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It was her first day of her internship at Ben Taub Hospital, and Gail Best was nervous.

“A woman heard me singing down the hall …and asked me to come sing for her daughter. The daughter looked like she was sleeping. I went to the room and sang ‘Over the Rainbow.’ About halfway through the song, the daughter opened her eyes.” said Best, certified music practitioner and graduate of Music for Healing and Transition Program at Baylor Medical Center in Dallas.

Later, a nurse told Best that the daughter had been in a coma and they had not been able to wake her.

But that is not the only miracle Best has seen in her career, for there has been many over the years. She has gone into numerous memory care units at different senior living communities and sung to Alzheimer’s and dementia patients.

“At one senior community, there was a man in a wheelchair. I started singing a (Frank) Sinatra song, and he started singing. He knew all the words. The nurse that worked there told me he had not said a word in two years. After the song was over, he talked to others for a while,” Best said.

Best knows the songs from the 1930s-1960s and more, the songs that most in memory care units would remember, such as “Oh Susanna, I’ve Been Working on the Railroad,” “How Much Is That Doggie in the Window,” “She’ll Be Comin’ Around the Mountain,” “By The Light of the Silvery Moon,” and “Won’t You Come Home Bill Bailey.” Plus, Elvis Presley and Sinatra songs are a big hit, as are Doris Day’s, such as “Que Sera Sera.”

Even patients who no longer communicate verbally will sit up and sing along when an old familiar tune is played.

Area senior living communities also know the power of music and use it daily.

“Music is known to evoke emotional memories or responses,” said Vini Fernandez, manager of memory care at Eagle’s Trace.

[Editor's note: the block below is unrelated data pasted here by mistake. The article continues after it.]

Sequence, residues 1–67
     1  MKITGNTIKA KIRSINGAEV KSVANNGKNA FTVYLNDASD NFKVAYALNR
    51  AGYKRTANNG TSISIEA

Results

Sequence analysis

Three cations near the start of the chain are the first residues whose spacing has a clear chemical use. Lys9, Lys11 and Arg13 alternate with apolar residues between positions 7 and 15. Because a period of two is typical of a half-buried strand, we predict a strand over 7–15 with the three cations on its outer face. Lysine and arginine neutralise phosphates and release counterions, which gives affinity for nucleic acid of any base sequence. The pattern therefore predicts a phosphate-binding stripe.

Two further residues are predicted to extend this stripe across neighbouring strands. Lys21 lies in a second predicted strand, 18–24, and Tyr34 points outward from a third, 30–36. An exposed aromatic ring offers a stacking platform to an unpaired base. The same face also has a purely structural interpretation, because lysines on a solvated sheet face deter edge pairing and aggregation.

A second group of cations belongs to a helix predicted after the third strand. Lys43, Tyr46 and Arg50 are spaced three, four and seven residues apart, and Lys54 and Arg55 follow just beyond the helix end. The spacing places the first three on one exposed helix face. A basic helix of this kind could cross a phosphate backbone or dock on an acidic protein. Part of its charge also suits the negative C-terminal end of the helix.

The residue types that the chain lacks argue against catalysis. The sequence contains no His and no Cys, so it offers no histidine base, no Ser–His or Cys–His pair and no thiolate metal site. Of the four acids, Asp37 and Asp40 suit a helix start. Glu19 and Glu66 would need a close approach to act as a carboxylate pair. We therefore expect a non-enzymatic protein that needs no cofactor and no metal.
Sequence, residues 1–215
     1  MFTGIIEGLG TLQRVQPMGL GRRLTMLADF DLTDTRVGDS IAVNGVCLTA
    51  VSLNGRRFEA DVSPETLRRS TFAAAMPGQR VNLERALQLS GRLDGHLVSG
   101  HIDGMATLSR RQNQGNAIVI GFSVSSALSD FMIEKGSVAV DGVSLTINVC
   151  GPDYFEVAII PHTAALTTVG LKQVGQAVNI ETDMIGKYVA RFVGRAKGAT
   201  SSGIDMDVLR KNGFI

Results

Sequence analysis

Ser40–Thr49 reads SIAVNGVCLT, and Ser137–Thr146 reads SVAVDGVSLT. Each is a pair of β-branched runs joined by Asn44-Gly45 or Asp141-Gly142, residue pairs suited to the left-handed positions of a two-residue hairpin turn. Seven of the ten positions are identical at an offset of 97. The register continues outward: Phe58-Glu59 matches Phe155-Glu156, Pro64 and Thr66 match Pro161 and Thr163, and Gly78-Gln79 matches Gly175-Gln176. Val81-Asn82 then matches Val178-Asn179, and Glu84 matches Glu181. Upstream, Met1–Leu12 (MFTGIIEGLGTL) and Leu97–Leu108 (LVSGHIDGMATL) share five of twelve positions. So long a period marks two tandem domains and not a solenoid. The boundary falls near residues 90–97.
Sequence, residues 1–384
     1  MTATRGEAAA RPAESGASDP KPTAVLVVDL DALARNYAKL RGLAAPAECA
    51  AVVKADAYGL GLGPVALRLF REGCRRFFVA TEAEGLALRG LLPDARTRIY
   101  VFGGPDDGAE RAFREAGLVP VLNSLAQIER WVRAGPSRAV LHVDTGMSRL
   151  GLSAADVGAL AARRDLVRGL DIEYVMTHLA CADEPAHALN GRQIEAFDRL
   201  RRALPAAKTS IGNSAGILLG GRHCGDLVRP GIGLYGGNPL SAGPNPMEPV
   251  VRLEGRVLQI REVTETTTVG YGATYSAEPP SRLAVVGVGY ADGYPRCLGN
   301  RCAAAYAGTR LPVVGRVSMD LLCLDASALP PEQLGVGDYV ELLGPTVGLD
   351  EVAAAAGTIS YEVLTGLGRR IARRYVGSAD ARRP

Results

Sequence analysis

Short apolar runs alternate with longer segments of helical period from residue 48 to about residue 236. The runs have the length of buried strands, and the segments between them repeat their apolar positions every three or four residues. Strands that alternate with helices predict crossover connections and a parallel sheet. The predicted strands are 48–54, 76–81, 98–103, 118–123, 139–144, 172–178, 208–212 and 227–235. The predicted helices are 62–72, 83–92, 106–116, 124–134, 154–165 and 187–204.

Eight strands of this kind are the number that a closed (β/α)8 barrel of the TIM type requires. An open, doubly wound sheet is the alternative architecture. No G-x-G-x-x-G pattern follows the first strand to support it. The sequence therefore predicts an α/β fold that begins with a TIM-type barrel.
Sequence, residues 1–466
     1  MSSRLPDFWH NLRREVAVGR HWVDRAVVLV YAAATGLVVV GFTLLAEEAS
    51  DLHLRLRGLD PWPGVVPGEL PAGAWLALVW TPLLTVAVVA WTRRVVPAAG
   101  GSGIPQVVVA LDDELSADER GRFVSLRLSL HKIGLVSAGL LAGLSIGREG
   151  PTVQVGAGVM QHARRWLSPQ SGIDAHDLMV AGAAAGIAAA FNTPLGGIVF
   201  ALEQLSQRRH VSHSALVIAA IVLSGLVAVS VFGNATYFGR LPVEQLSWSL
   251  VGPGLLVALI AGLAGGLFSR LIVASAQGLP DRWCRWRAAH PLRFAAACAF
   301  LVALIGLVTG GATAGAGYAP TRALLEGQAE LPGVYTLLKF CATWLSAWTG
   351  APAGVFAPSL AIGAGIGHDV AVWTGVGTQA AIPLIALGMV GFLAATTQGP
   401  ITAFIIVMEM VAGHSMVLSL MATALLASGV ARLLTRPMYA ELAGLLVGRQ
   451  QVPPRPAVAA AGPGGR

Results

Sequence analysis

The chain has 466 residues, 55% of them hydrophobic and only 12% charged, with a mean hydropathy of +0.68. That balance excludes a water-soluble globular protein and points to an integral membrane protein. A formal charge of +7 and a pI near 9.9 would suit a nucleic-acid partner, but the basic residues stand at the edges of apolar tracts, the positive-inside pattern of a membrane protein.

Therefore, staff make it their personal calling in the memory care at Eagle’s Trace to get to know residents on an individual basis.

“We gain insight into their personal preferences and specific life experiences. This helps us to engage each resident enjoyably in their auditory sensory-stimulation experience.

“All entertainment, musical events, and choirs are specially programmed with a person-centered approach. With the selection of music and entertainment in the memory care, residents can relate or perhaps even open up an encapsulated memory from the recesses of their minds,” Fernandez said.

Staff attempts to evoke pleasant memories from the past to create and engage residents in positive emotions such as happiness, joy, nostalgia, positivity, healing, and relaxation.

“We realize playing a certain genre of music or music from a certain era does different things,” Fernandez said.

For example, during mealtimes, playing instrumental music allows residents to focus on the meal, and is known to increase caloric intake more so than music with words.

Music is also a crucial way to enhance socialization and the interpersonal experience residents have with one another. Employees also utilize music from iPhones and YouTube when providing one-to-one care or assistance.

“Currently, we play music that send melodies through the hallways during the days and evenings. Watching the faces of our residents light up, their eyes widen, fingers and toes tapping at the table when they hear a familiar tune is a tremendously intrinsic reward for those of us providing care,” Fernandez said.

“Music is always a bright spot,” said Linda Fitzhugh, director of resident engagement, Buckner Parkway Place.

There is an added emphasis on using music in their memory care programming because of the known cognitive benefits.

“Before the pandemic, one of our residents played the piano in memory care on a regular basis. Even though many of the residents there have cognitive troubles, they can still remember the lyrics to the old standard songs. It brings them great joy,” Fitzhugh said.

Also, a member of Parkway Place’s life enrichment team plays the piano in the auditorium, and it is broadcast over one of the in-house channels.

“We also set up hallway singalongs so that our residents can open their doors and enjoy the music and fellowship in a safe environment,” she said.

“There is power in music, especially music from youth and young adult days, so that is what I hope we all can keep singing, for I know it brings smiles,” Best said.

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